Instapaper: Save interesting web pages for reading later. Computer assistive technology abilityhub for disability and disabilities. Web Accessibility In Mind. Web Content Accessibility Guidelines. You are here: Home > Articles > The Web Content Accessibility Guidelines A WCAG 2.0 Checklist is available for developers to use in implementing and verifying conformance with WCAG 2.0.
The W3C's Web Accessibility Initiative The W3C is an international, vendor-neutral group that determines the protocols and standards for the web. They create the specifications for HTML, CSS, etc. A primary initiative of the W3C is to develop accessibility standards. Version 1.0 of the Web Content Accessibility Guidelines was a major development in making the Internet more accessible to people with disabilities.
Over time, WCAG 1.0 began to show its age. The Web Content Accessibility Guidelines 2.0 builds upon the foundation of WCAG 1.0, but also introduces some significant changes worth discussing. The shift from technique-centered guidelines to principle-centered guidelines resulted in a reduced number of top level ideas, or principles. Perceivable Operable Understandable Robust. Web Content Accessibility Guidelines (WCAG) 2.0. This publication has been funded in part with Federal funds from the U.S.
Department of Education, National Institute on Disability and Rehabilitation Research (NIDRR) under contract number ED05CO0039. The content of this publication does not necessarily reflect the views or policies of the U.S. Web Content Accessibility Guidelines 1.0. W3C Recommendation 5-May-1999 This version: (plain text, PostScript, PDF, gzip tar file of HTML, zip archive of HTML) Latest version: Previous version: Editors: Wendy Chisholm, Trace R & D Center, University of Wisconsin -- Madison Gregg Vanderheiden, Trace R & D Center, University of Wisconsin -- Madison Ian Jacobs, W3C Copyright © 1999 W3C (MIT, INRIA, Keio), All Rights Reserved.
Abstract. Access All WWW Areas. Home > Over toegankelijkheid Een beperking levert tegenwoordig gelukkig niet zo'n groot probleem als vroeger.
De tijd dat een blinde een gedateerd tijdschrift of studiemateriaal 'las', omdat het eerst moest worden omgezet in braille of audio, ligt gelukkig ver achter ons. Veel informatie is (vooral online) best toegankelijk beschikbaar. Maar het kan altijd beter. Hier vind je uitleg over toegankelijkheid en naast maatschappelijke ook andere - zoals economische - redenen om informatie en diensten toegankelijk aan te bieden. Verschillende handicaps Verschillende handicaps hebben invloed op het gebruik van internet: denk aan blind, slechtziend, kleurenblind, doof, slechthorend, motorische of verstandelijke beperking.
Qualifications - Bookshare - Accessible Books for Individuals with Print Disabilities. An individual with a physically-based disability that makes it difficult or impossible to read a printed book likely will qualify for Bookshare® services.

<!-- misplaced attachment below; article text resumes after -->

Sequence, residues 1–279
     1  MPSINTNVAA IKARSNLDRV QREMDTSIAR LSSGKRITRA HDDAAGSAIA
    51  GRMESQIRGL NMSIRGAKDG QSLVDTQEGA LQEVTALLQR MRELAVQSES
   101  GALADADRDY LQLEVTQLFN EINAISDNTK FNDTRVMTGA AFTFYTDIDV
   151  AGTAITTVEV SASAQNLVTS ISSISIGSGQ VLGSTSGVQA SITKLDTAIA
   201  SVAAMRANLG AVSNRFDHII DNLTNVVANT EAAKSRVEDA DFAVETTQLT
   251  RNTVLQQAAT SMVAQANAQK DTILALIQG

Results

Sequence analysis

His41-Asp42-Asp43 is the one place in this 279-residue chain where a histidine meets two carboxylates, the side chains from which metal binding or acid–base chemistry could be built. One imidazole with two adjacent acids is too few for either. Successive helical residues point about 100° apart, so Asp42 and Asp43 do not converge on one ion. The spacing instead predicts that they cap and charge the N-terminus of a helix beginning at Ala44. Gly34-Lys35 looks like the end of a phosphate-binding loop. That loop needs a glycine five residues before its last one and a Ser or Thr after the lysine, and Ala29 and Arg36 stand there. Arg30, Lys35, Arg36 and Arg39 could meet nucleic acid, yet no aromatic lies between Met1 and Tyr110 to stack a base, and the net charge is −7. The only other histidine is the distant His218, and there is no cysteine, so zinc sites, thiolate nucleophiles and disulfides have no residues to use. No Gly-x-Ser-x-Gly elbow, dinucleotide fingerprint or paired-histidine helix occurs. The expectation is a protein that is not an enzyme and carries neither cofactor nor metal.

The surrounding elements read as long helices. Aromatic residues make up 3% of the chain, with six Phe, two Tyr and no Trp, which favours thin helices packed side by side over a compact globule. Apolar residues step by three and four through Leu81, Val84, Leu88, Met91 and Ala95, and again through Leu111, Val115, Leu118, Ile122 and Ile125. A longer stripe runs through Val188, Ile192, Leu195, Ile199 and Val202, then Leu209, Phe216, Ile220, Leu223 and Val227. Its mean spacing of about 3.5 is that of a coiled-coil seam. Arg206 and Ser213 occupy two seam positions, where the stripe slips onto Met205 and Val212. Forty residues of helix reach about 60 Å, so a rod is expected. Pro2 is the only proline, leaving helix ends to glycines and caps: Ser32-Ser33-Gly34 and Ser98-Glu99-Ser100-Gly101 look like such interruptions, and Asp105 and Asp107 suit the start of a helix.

Organizations (schools, libraries, and rehabilitation and social services agencies) can also obtain Bookshare services to support their efforts to meet the reading needs of people with these disabilities. The individual signing up for our services, or the organization serving that individual, will be asked to provide Bookshare with a Proof of Disability (certified by someone who is a Competent Authority as described below) during the registration process. As explained in more detail below, the Qualifications to enroll in and use Bookshare services are based on an exception contained in Section 121 of U.S. Copyright law, commonly known as the Chafee Amendment. These qualifications are not set by Bookshare itself - we have to comply with the law that makes Bookshare possible as a qualified provider of these copyrighted materials. Bookshare - Accessible Books for Individuals with Print Disabilities.
FAE: Run FAE. Introduction to Web Accessibility. You are here: Home > Articles > Introduction to Web Accessibility Introduction Most people today can hardly conceive of life without the internet.
Some have argued that no other single invention has been more revolutionary since Gutenberg's printing press in the 1400s. Now, at the click of a mouse, the world can be "at your fingertips"—that is, if you can use a mouse... and see the screen... and hear the audio—in other words, if you don't have a disability of any kind. This introduction should help you understand how people with disabilities use the web, the frustrations they feel when they cannot access the web, and what you can do to make your sites more accessible.
The Web Offers Unprecedented Opportunities The internet is one of the best things that has ever happened to people with disabilities. Most newspapers now publish their content online in a format that has the potential to be read by screen readers used by the blind. Falling Short of the Web's Potential. ReadPal -Free download to read faster with no stress or glare.